IDEAS home Printed from
MyIDEAS: Login to save this paper or follow this series

Wage growth, landholding, and mechanization in agriculture : evidence from Indonesia

  • Yamauchi, Futoshi

This paper uses farm panel data from Indonesia to examine dynamic patterns of land use, capital investments, and wages in agriculture. The empirical analysis shows that an increase in real wages has induced the substitution of labor by machines among relatively large farmers. Large farmers tend to increase the scale of operation by renting in more land when real wages increase. Machines and land are complementary if the scale of operation is greater than a threshold size. In contrast, such a dynamic change was not observed among relatively small holders, which implies a divergence in the movement of the production frontier between Java and off-Java regions given that the majority of small farmers are concentrated in Java.

If you experience problems downloading a file, check if you have the proper application to view it first. In case of further problems read the IDEAS help page. Note that these files are not on the IDEAS site. Please be patient as the files may be large.

File URL:
Download Restriction: no

Paper provided by The World Bank in its series Policy Research Working Paper Series with number 6789.

in new window

Date of creation: 01 Feb 2014
Date of revision:
Handle: RePEc:wbk:wbrwps:6789
Contact details of provider: Postal: 1818 H Street, N.W., Washington, DC 20433
Phone: (202) 477-1234
Web page:

More information through EDIRC

References listed on IDEAS
Please report citation or reference errors to , or , if you are the registered author of the cited work, log in to your RePEc Author Service profile, click on "citations" and make appropriate adjustments.:

as in new window
  1. Loren Brandt & Dwayne Benjamin, 2002. "Property Rights, Labour Markets, and Efficiency in a Transition Economy: The Case of Rural China," William Davidson Institute Working Papers Series 518, William Davidson Institute at the University of Michigan.
  2. Mark R. Rosenzweig & Andrew D. Foster, 2010. "Is There Surplus Labor in Rural India?," Working Papers 991, Economic Growth Center, Yale University.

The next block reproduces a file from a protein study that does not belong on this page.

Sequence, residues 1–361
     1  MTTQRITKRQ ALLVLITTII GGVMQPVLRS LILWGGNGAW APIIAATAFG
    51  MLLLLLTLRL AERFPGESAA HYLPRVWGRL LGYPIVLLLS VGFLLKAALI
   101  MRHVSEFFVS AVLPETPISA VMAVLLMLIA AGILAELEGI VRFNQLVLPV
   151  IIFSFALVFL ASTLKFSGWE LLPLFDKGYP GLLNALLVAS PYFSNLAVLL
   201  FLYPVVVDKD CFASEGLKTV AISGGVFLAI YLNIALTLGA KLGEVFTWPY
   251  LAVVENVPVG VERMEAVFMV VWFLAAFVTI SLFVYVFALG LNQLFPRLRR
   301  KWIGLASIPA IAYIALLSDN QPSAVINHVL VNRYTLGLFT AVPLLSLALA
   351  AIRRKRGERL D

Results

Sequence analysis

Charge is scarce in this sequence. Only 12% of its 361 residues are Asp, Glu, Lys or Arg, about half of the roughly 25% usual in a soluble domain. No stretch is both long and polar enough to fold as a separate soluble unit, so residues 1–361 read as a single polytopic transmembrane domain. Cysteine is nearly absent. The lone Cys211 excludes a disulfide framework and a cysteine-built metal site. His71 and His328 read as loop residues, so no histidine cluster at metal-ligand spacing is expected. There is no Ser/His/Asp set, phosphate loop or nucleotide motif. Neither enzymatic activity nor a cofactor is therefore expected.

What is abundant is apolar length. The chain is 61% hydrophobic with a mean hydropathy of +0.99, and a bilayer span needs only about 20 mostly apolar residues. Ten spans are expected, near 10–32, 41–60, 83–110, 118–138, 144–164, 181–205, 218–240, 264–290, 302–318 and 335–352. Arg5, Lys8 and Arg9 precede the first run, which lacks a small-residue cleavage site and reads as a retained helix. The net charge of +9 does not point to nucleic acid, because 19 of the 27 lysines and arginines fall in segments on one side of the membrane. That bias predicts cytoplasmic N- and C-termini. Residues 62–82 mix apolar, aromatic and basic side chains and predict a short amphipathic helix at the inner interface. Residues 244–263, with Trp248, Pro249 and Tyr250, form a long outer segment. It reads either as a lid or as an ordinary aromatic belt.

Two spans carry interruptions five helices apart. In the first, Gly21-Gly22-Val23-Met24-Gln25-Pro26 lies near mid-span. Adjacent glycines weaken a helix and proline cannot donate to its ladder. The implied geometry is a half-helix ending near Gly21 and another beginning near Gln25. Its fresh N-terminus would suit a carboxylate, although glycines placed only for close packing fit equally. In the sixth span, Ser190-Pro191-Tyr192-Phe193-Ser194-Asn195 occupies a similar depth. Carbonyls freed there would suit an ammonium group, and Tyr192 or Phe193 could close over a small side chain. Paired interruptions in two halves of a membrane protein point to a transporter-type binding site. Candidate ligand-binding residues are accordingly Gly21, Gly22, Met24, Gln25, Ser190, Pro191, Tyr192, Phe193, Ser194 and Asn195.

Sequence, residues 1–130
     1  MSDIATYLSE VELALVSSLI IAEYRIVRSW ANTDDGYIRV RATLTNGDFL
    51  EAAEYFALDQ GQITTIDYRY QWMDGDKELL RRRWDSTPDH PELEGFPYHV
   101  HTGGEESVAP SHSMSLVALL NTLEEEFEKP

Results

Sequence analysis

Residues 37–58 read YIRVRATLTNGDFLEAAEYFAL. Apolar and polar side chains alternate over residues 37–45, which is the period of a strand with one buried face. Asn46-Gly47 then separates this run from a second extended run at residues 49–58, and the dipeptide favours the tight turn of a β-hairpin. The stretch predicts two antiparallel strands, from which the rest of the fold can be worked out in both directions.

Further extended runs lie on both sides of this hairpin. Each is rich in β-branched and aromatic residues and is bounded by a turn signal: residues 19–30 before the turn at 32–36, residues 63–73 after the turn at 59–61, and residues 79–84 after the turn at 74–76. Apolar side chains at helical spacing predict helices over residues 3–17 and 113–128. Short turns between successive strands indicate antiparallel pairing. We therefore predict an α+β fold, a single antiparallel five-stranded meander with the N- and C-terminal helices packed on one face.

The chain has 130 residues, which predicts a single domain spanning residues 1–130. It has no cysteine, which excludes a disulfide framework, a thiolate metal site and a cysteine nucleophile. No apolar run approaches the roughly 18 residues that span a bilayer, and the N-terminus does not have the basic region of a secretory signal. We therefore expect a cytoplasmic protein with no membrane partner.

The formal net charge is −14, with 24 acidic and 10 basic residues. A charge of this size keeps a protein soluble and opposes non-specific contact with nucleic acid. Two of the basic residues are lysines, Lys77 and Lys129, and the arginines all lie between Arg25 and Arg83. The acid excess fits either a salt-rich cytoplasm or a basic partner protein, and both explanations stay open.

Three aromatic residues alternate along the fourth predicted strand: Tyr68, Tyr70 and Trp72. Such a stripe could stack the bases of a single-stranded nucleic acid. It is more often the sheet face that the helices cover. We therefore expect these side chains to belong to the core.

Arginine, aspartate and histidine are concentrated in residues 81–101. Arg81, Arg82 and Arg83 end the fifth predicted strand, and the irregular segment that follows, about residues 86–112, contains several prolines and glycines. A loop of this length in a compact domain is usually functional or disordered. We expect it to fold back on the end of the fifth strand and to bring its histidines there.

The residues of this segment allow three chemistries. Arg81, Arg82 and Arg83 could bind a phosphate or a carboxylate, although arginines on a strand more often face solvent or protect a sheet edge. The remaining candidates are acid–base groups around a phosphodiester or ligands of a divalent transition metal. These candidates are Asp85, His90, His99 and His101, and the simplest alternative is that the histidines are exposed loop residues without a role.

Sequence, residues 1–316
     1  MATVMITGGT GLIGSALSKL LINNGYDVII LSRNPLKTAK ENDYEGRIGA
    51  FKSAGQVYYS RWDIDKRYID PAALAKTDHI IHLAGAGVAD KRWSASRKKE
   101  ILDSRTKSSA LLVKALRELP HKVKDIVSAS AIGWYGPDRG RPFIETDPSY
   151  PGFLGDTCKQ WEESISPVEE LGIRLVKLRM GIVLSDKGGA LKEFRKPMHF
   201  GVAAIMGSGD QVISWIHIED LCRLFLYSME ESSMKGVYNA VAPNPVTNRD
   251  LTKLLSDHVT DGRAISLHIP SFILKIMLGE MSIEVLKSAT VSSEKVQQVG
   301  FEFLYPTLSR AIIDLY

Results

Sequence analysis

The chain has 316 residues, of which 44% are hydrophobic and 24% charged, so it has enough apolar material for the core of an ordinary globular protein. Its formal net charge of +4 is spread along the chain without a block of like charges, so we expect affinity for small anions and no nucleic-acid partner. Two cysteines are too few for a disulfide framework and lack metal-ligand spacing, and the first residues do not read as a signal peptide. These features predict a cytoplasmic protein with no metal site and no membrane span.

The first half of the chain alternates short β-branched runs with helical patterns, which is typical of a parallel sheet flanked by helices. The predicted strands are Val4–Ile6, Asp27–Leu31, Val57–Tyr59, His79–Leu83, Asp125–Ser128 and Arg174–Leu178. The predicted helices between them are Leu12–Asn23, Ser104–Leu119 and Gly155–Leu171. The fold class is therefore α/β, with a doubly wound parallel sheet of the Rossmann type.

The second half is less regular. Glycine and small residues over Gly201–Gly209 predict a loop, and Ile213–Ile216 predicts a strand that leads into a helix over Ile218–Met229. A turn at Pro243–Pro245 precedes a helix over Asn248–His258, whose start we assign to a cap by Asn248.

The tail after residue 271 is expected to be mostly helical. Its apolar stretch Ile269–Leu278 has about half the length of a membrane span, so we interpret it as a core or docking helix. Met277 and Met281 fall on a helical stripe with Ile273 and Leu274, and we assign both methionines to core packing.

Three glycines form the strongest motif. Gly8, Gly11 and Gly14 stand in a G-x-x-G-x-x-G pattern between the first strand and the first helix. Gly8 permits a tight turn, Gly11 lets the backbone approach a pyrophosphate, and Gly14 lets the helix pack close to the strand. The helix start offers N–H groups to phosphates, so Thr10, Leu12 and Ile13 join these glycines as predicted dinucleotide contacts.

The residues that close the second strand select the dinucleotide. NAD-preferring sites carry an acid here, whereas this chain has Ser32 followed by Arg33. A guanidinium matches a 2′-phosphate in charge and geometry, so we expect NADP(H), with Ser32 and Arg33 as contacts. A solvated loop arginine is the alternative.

3. Keijiro Otsuka, 2013. "Food insecurity, income inequality, and the changing comparative advantage in world agriculture," Agricultural Economics, International Association of Agricultural Economists, vol. 44(s1), pages 7-18, November.
  4. Fumio Hayashi & Edward C. Prescott, 2006. "The Depressing Effect of Agricultural Institutions on the Prewar Japanese Economy," NBER Working Papers 12081, National Bureau of Economic Research, Inc.
  5. Keijiro Otsuka & Yanyan Liu & Futoshi Yamauchi, 2013. "Factor Endowments, Wage Growth, and Changing Food Self-Sufficiency: Evidence from Country-Level Panel Data," American Journal of Agricultural Economics, Agricultural and Applied Economics Association, vol. 95(5), pages 1252-1258.
  6. Foster, Andrew D. & Rosenzweig, Mark R., 2010. "Is There Surplus Labor in Rural India?," Working Papers 85, Yale University, Department of Economics.
Full references (including those not matched with items on IDEAS)

This item is not listed on Wikipedia, on a reading list or among the top items on IDEAS.

When requesting a correction, please mention this item's handle: RePEc:wbk:wbrwps:6789. See general information about how to correct material in RePEc.

For technical questions regarding this item, or to correct its authors, title, abstract, bibliographic or download information, contact: (Roula I. Yazigi)

If you have authored this item and are not yet registered with RePEc, we encourage you to do it here. This allows to link your profile to this item. It also allows you to accept potential citations to this item that we are uncertain about.

If references are entirely missing, you can add them using this form.

If the full references list an item that is present in RePEc, but the system did not link to it, you can help with this form.

If you know of missing items citing this one, you can help us creating those links by adding the relevant references in the same way as above, for each refering item. If you are a registered author of this item, you may also want to check the "citations" tab in your profile, as there may be some citations waiting for confirmation.

Please note that corrections may take a couple of weeks to filter through the various RePEc services.

This information is provided to you by IDEAS at the Research Division of the Federal Reserve Bank of St. Louis using RePEc data.